A high-ranking official of Federal Board of Revenue’s field formations in Karachi told that detailed information about purchase and sales transactions of such plots had been obtained from the DHA and was being processed to find out whether due tax had been paid.
DHA’s documents show that transactions of around 11,600 open plots took place during FY12 and FY13, but entire investment of these transactions were finalised at collector’s rates having an estimated value of around Rs24bn. However, the official said the actual investment of these plots came to around Rs137bn as per the market rates. He said billions could be collected if buyers and sellers paid due tax under different heads – including advance tax of 0.5 per cent, capital gain tax (CGT) between 5 to 10pc and income tax of 30pc.
During his recent visit to the office of Chief Commissioner Regional Tax Office, FBR member Inland Revenue (IR) Policy Shahid Hussain Asad told that investors would face heavy penalties if they did not pay their due tax on such immovable properties by Nov 30. He said the FBR had collected similar information from all over the country, including Capital Development Authority (CDA).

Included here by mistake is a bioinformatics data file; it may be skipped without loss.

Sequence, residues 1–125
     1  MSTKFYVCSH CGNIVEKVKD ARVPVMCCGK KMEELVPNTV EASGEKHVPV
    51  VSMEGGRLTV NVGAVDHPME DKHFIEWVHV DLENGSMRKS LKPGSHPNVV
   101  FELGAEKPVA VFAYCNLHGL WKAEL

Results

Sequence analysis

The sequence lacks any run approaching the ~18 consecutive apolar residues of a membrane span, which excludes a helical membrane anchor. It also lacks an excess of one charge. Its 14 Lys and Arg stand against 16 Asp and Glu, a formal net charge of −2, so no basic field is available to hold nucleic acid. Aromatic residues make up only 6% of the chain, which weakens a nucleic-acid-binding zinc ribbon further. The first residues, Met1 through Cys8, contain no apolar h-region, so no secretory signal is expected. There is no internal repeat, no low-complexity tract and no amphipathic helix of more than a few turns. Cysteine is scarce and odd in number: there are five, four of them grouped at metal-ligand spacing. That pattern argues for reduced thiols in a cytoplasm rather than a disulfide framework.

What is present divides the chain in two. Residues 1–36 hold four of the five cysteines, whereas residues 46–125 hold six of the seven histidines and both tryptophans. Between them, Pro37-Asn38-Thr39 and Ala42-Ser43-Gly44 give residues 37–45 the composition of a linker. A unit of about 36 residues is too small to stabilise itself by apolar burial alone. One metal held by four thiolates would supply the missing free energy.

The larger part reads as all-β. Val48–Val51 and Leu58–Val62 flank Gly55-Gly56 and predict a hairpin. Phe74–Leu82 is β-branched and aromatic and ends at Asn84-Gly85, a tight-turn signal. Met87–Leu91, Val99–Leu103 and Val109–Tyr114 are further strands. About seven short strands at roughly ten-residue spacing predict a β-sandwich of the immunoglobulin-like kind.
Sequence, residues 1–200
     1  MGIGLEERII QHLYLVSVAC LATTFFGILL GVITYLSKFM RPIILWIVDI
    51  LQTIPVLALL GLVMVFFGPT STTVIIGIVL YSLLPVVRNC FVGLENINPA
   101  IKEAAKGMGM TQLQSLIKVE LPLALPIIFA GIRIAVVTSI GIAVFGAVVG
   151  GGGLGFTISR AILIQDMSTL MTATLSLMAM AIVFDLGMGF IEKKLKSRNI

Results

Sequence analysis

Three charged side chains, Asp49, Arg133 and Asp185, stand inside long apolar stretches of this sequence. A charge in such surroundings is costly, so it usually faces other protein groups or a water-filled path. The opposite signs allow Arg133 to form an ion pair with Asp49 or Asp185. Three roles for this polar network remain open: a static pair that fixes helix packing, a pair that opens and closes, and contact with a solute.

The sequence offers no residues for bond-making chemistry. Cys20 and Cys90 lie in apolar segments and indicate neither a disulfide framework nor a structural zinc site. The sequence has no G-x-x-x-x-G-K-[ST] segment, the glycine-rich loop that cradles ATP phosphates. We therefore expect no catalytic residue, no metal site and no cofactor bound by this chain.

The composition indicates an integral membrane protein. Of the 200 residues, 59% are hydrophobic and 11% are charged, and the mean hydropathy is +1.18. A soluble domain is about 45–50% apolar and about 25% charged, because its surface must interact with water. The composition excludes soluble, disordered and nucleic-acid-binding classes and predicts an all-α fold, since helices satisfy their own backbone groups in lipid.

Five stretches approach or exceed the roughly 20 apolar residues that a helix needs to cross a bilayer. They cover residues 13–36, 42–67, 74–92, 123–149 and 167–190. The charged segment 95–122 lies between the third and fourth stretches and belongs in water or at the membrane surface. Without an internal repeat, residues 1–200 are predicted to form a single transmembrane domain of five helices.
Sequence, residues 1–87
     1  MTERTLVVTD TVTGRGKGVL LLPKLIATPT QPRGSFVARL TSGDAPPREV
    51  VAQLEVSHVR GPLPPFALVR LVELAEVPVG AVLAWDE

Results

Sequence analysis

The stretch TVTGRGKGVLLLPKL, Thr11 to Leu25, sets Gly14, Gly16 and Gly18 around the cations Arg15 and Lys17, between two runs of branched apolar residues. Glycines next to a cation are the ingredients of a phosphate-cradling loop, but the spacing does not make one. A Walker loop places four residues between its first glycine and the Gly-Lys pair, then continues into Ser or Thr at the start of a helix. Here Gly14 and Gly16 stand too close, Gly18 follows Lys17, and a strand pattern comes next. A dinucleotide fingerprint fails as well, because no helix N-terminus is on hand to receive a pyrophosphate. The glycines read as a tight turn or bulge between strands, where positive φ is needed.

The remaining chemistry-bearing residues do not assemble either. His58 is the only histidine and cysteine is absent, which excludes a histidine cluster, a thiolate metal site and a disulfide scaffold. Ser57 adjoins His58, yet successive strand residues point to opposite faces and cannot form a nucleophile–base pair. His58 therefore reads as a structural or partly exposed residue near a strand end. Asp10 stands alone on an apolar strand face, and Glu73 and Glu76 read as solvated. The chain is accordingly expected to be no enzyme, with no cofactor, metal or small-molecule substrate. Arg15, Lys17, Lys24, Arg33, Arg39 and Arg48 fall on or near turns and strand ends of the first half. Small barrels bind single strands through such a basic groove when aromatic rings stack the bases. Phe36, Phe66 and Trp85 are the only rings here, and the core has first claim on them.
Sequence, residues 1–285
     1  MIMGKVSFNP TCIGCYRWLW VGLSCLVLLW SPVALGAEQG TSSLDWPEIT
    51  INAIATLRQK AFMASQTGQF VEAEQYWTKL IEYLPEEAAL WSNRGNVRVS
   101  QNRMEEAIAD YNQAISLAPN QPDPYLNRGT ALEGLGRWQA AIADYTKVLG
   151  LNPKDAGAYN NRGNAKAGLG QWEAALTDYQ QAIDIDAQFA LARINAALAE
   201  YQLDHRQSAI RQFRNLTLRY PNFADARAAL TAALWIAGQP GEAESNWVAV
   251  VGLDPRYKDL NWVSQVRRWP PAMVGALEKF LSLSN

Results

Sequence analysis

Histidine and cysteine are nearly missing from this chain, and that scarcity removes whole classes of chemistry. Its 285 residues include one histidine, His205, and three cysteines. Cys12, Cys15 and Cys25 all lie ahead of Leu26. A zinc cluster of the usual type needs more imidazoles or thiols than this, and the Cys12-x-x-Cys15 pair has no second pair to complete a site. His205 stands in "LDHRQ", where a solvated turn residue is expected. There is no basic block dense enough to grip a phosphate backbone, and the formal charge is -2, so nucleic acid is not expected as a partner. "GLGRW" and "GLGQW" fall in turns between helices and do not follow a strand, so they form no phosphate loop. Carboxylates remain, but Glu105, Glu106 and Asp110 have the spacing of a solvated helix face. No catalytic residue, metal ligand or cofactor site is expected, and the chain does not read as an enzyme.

Responding to a question, Mr Asad said those who failed to pay tax along with returns for the tax year 2013 would have to pay double tax against the normal income tax rate of 30pc. However, no action would be taken against those who paid tax along with tax returns against such immovable assets, he assured.
Chief Commissioner RTO (Karachi) Rehmatullah Wazir said the FBR expected to collect around Rs66bn to Rs70bn in income tax from the buyers or investors of undisclosed immovable properties. He said that under the Section 236 (c) of Income Tax Ordinance 2001, sellers of such assets were bound to pay advance tax at the rate of 0.5pc for registration and attestation of these plots at the time of transfer. But they failed to do so and the FBR would take action against them, he said.
Mr Wazir said the sellers also needed to pay the CGT by the Nov 30 deadline. He said that if a property was sold within one year of its purchase, the seller would have to pay 10pc income tax towards CGT, under the Section 37 (1-A) of the Income Tax Ordinance 2001.
Similarly, if such immovable property was sold between one and two years, the seller was supposed to pay 5pc CGT, he added.
Note: This article was originally published in DAWN Newspaper on 25th October 2013.